The week's best parenting advice: October 4, 2022
The upside of a short attention span, the truth about rainbow fentanyl, and more
The upside of a short attention span
A child's inability to focus long enough to put their shoes on or hang up their coat can be deeply frustrating for parents, but "this wandering attention is an important part of the learning process — one that helps them make sense of an uncertain environment," writes Rachel Fairbank in Lifehacker. In a recent study, a group of adults and a group of 4- and 5-year-olds played a computer game in which they had to distinguish between two types of creatures. Halfway through the game, "the feature that differentiated these two creatures changed without the participants being told that the rules changed," writes Fairbank. The adults, who focused on the game more intently, took longer than their preschool counterparts to catch onto the unannounced change. "Having an attention span that wanders all over the place helps them notice all sorts of details" that help children operate in an unfamiliar world.
The truth about rainbow fentanyl
In August, the DEA issued a press release warning parents about the dangers of "rainbow fentanyl," a colorful version of the drug that the agency insisted "is a deliberate effort by drug traffickers to drive addiction" among children. "But while the dangers of synthetic opioids like fentanyl, rainbow or otherwise, cannot be overstated, harm reduction experts and others are assuring parents not to panic," writes Jamie Kenney in Romper. Colorful drugs have been around for decades, and the DEA has yet to provide any evidence that the drugs are being targeted at children. Parents may understandably worry about accidental ingestion, but it's highly doubtful that these expensive drugs will end up in a child's Halloween candy. "Parents should, of course, be mindful of this newer, more colorful threat," writes Kenney. "But panic, it seems, is not necessary."
Should kids with lice skip school?
Head lice are annoying, but according to new recommendations for the American Academy of Pediatrics, they aren't a reason to stay home from school. Instead, schools should let kids with lice stay in the classroom, while managing the insects with topical treatments like shampoos and lotions. Screening kids for lice at school hasn't done much to decrease their spread. And despite popular belief, lice don't spread easily from person to person. "Lice don't jump like mosquitos," writes Beth Ann Mayer in Parents. "The most significant risk comes from direct head-to-head contact with an individual with head lice." And personal hygiene has nothing to do with it. "Lice prefer kids' hair because the shafts are typically thinner and straighter than adults'."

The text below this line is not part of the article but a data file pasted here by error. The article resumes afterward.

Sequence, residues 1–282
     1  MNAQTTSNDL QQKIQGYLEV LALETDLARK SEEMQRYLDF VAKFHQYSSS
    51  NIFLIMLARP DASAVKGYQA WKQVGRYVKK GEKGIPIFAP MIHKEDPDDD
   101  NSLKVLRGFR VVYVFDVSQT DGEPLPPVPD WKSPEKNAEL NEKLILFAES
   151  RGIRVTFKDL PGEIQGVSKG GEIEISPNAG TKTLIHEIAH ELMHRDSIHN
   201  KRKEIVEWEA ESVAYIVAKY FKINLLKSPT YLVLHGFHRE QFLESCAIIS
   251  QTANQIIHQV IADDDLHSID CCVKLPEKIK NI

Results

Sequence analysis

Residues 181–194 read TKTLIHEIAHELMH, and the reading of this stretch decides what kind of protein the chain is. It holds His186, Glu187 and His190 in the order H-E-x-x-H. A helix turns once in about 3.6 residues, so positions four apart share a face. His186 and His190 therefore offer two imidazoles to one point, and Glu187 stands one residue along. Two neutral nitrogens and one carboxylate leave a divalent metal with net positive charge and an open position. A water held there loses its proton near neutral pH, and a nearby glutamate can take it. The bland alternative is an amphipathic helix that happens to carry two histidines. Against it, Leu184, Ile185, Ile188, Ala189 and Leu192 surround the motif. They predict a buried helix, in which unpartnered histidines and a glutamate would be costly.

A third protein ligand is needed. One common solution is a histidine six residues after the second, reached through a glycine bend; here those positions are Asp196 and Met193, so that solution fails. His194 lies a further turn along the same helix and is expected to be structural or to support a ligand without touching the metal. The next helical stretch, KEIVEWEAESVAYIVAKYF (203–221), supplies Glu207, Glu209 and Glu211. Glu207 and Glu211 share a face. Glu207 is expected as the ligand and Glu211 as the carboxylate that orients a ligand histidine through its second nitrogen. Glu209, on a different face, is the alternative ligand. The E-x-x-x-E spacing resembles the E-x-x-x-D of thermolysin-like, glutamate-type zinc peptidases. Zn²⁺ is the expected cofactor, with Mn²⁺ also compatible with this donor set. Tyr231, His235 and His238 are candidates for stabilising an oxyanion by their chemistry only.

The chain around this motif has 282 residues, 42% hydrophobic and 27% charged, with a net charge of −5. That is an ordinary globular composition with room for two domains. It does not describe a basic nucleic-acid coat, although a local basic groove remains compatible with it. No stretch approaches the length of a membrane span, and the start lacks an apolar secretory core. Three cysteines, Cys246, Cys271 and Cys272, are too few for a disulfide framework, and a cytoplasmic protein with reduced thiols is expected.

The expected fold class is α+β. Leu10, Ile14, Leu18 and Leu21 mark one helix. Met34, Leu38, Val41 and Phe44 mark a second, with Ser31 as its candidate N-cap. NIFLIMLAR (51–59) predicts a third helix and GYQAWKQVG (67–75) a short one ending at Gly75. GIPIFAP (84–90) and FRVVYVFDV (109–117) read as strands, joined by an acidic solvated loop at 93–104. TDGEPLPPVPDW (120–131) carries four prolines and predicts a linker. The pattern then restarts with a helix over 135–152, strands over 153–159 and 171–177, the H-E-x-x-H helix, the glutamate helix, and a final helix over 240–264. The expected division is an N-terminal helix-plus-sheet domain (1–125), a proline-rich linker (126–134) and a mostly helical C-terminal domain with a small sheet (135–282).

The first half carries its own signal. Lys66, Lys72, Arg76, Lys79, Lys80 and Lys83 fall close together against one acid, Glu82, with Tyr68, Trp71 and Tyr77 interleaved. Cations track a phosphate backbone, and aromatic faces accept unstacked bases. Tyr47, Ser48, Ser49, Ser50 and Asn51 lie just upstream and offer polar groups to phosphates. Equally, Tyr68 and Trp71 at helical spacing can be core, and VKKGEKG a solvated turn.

The link between air pollution and brain development
A recent study adds to the growing body of research suggesting that air pollution can harm kids' brain development. Using data from 1,967 mothers recruited during pregnancy from Memphis, Minneapolis; Rochester, San Francisco, Seattle, and Yakima, the researchers found that "children whose mothers experienced higher nitrogen dioxide (NO2) exposure during pregnancy, particularly in the first and second trimester, were more likely to have behavioral problems," reports Science Daily. The study also linked heightened exposure to pollutants between the ages of two and four with poorer behavior and cognitive performance. "This study underscores the importance of air pollution as a preventable risk factor for healthy child neurodevelopment," said senior author Dr. Catherine Karr, a professor at the University of Washington School of Public Health and School of Medicine.
Is Montessori preschool actually better?
Montessori is all the rage, but is it actually better than other preschool philosophies? It's difficult to say, writes Emily Oster in ParentData. Papers that compare children who go to Montessori preschools with other children are "effectively meaningless," Oster writes. "Yes, the kids who go to Montessori test better later, but they are also advantaged in all kinds of other difficult-to-control-for ways." Plus, when the Montessori method was first developed in the early 1900s in Italy, it sharply contrasted with the scant education available to children at the time. Today, it's much harder to distinguish "Montessori" preschools from any other preschool. Plenty of schools use Montessori materials, and mixed-age classrooms. Whether Montessori preschools are "better" depends on what you are hoping your child accomplishes, and unlike primary school, there's no consensus on what preschoolers should be learning. "A different focus will lead to different outcomes."